FDA warns vs 10 brands of antigen, rapid test kits
MANILA, Philippines — The public should be wary of certain brands of COVID-19 antigen and rapid test kits that failed to meet the standards of the Research Institute for Tropical Medicine (RITM).
The Food and Drug Administration (FDA) has recently advised the public against using these test kits: GenBody COVID-19 sold by UC Biosciences Inc.; FaStep COVID-19 Antigen Rapid Test Device sold by Infinite Alliance Marketing Inc.; COVID-19 Antigen Test Kit (Dry Fluorescence Immunoassay) sold by Eco Application Solutions; NADAL COVID-19 Ag Test sold by Diagnostika Pilipinas Inc.; SARS-CoV-2 Antigen Rapid Test (Colloidal Gold) sold separately by EHD Solutions Inc. and Touchstar Enterprises; and BD Veritor System for Rapid Detection of SARS-CoV-2 sold by Rebmann Inc.
It has also issued the same notice for the following brands of rapid test kits: Gensure COVID-19 IgG/IgM sold by Nueva Sunshine Phils Inc., SARS-CoV-2 IgG Screen sold by Kolonwel Trading and GA CoV-2 IgG/IgM sold by Khriz Pharma Trading Inc.
The test kits, all manufactured abroad, failed to comply with RITM’s standard for sensitivity and specificity, according to Maria Cecilia Matienzo, director of the FDA’s Center for Device Regulation, Radiation Health and Research.
“Two parameters are tested—sensitivity and specificity. Those test kits published with failed performance validation were not able to comply with the standard set for sensitivity, specificity or both,” Matienzo told the Inquirer. RITM conducts evaluation of laboratory diagnostic tests such as the ones used in detecting COVID-19.
The agency has completed evaluation of 42 antibody test kits and 16 rapid antigen test kits as of Oct. 16, based on RITM data.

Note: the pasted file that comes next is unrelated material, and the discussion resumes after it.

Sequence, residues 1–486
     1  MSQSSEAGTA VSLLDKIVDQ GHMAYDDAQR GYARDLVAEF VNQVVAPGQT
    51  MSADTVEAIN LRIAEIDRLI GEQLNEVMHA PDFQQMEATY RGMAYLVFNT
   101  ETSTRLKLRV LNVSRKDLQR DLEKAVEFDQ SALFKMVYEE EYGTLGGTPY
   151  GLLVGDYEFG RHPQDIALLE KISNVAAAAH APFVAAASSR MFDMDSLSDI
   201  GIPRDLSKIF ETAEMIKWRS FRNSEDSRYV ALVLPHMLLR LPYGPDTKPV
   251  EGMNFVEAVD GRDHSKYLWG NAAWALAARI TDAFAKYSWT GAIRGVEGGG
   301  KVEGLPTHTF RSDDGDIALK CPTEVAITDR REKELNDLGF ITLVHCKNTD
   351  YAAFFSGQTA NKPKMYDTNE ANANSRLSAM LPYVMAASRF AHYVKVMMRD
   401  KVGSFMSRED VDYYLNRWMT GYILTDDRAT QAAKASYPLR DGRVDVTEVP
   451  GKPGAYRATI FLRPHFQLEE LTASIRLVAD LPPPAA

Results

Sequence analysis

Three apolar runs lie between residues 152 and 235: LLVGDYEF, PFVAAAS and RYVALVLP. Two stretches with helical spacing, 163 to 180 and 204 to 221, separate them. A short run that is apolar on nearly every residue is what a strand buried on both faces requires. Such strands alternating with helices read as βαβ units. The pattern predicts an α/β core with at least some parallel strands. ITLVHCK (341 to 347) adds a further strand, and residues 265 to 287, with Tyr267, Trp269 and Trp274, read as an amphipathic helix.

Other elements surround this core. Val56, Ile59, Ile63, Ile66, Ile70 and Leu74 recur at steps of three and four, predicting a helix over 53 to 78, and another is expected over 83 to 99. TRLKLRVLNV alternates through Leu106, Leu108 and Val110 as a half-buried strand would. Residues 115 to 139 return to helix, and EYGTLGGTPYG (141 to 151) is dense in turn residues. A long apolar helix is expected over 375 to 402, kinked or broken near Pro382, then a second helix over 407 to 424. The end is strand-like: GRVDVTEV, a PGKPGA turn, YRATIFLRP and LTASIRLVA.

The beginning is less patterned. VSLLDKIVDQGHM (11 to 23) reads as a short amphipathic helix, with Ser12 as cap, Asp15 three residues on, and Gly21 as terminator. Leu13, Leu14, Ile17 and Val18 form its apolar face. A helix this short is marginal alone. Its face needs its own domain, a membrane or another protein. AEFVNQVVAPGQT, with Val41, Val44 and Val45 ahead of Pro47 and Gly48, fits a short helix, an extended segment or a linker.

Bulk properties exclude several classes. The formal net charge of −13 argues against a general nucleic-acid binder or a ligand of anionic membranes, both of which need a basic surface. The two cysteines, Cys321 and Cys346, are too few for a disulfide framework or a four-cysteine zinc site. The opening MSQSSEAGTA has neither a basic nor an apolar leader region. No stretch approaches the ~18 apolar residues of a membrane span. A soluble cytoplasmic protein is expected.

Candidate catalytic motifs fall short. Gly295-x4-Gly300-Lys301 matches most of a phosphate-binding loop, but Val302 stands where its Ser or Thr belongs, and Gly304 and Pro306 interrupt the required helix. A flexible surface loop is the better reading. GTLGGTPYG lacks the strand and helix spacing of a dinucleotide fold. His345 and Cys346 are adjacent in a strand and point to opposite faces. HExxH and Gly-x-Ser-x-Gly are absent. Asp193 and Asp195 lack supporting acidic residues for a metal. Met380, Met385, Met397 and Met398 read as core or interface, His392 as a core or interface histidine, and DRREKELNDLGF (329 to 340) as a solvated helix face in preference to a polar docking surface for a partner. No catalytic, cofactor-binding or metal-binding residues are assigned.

In antigen rapid diagnostic tests (RDT), nasopharyngeal swabs are administered to determine whether a person is infected with SARS-COV-2, the virus that causes COVID-19, according to the World Health Organization.
In antibody RDT, blood samples are taken to show whether a person previously contracted the virus. But negative results from antibody tests do not mean that the individual is free from COVID-19.
Meanwhile, Trade Secretary Ramon Lopez said having antigen tests at home should now be considered standard operating procedure, citing the practice in the United Kingdom and the United States as example.
“What should be SOP for every person is to have an antigen test [that could be administered on his or her] own,” he told Radyo Pilipinas on Wednesday.
“We’ve observed in other countries—let’s say they’re reopening their economy and people are coming in and going out—what they did like in the UK and the US [was] they gave antigen tests to their citizens and then they are required to [get tested] twice a week or especially if they would go to a gathering.” he said.
FDA chief Eric Domingo had earlier sought the opinion of the Department of Health on the use of self-administered test kits, similar to what is being done in the United Kingdom and the United States. Health officials have yet to issue their opinion on the matter.
At present, the conduct of swab or antigen tests in the country is still limited to hospitals and designated centers. —With a report from Roy Stephen Canivel
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